I started chatting with this woman at the splash pad today. I’d never seen her around before, but I did see her partner with their kids at the splash pad and the library last weekend. I recognized him because he’s got a tattoo sleeve — you don’t see tattoos too often, if at all, on the parents around here. In a predominantly white, middle-to-upper-middle-class, slightly suburban-esque neighbourhood, seeing atypical parents like that makes me smile. Anyhow, I liked the simplicity of her daughters’ bathing suits and I asked her where she got them (Zellers, by way of hand-me-downs, incidentally). Through our brief conversation, I learnt they live in an apartment (like us!), co-sleep (like us!) and used to live in Toronto (where we’d like to live, if it weren’t so prohibitively expensive), where her partner was a student.
Most other families in the neighbourhood own houses and often discuss house-related issues like mortgages and renovations. Usually, at least one parent works a full-time job too; I don’t think I’ve met any parents who are students. I find that despite being out of school for a while now, I can still best relate to students. I’m most comfortable when I’m on-campus (with or without the child). Of course, it helps that I can still blend into the student scene too. Full-time jobs, home ownership and certain other markers of a very [ahem] “adult” life are things I have no desire engage in at this point in my life, nor in the near future. Because of these two factors (among others), I find it more difficult to relate to the other parents in the neighbourhood (I hardly mention the differences in our lifestyles but for some reason, they always assume — correctly — that we don’t have a car. How do they do that?!). That, and I don’t relish talking about kids all the time. The other parents I talk with are mere acquaintances — the only reason we even began speaking in the first place was because we have kids. I don’t quite see myself as being friends with them, so I generally keep my distance to avoid too many awkward conversations.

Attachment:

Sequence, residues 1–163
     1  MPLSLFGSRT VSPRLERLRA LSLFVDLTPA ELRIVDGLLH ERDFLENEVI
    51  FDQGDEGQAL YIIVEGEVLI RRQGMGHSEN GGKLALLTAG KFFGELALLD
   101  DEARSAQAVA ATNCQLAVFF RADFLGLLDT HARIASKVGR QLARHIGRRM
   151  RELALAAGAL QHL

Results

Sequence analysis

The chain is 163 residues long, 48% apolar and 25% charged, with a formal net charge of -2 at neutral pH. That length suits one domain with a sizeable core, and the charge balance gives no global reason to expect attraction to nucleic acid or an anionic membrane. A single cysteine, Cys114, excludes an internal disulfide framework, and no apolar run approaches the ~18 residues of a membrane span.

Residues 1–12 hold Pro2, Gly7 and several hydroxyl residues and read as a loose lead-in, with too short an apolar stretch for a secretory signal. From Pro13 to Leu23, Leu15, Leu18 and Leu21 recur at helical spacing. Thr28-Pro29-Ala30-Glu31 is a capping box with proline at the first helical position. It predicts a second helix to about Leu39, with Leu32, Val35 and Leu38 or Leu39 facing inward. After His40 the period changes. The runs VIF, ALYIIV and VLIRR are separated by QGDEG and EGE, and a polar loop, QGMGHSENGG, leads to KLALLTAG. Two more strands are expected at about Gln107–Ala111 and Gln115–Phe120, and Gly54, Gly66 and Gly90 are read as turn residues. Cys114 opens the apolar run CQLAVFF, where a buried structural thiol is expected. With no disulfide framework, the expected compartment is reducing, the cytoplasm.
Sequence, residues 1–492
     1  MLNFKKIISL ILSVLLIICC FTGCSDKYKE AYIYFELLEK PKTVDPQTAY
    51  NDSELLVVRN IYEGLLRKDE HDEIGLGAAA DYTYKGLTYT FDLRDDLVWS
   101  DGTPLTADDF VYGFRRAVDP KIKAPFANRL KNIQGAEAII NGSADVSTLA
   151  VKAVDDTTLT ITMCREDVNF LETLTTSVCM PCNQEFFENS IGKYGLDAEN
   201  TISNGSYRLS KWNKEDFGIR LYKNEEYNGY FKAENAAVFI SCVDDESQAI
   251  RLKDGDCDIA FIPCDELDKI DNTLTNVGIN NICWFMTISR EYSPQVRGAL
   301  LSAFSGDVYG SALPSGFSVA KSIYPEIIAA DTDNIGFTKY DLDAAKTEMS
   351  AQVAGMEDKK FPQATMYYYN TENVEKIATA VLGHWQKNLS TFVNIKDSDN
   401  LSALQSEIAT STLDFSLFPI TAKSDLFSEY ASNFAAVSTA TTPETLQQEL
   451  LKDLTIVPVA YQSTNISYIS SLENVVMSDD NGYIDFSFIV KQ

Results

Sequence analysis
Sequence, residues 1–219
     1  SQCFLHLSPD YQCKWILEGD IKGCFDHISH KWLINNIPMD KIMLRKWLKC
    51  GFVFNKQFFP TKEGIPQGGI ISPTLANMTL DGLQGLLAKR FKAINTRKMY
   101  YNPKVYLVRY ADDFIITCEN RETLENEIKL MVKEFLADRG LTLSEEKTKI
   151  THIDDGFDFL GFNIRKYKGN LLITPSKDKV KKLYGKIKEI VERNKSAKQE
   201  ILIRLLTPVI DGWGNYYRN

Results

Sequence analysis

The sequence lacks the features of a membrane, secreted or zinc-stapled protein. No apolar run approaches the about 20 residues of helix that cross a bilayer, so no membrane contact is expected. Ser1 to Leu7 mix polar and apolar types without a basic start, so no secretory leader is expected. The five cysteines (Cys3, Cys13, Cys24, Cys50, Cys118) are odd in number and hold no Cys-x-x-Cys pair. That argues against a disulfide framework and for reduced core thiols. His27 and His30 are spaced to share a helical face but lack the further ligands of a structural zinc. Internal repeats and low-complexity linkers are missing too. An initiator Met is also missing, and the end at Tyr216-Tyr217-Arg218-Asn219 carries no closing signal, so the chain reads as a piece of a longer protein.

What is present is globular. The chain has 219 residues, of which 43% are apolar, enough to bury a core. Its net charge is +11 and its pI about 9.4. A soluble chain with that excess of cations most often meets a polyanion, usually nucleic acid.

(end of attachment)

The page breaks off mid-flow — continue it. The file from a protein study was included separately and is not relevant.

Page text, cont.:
Anyway, I got a little excited while talking to this woman, because her family seems to share some similarities with ours. Oh, we even talked a bit about kids and commercial culture: while I’m generally against kids and commercialism, and she said she was too initially (which immediately piqued my interest), but she also made an interesting point about how she enjoyed her childhood with commercial characters (I did too) and her daughter likes “pretty things,” so for her, it’s more about the object itself than the commercialism or backstory surrounding a character. I don’t share her point-of-view, but I do see where she’s coming from. We parted ways without saying goodbye, but I do hope I run into her again at some point.Advertisements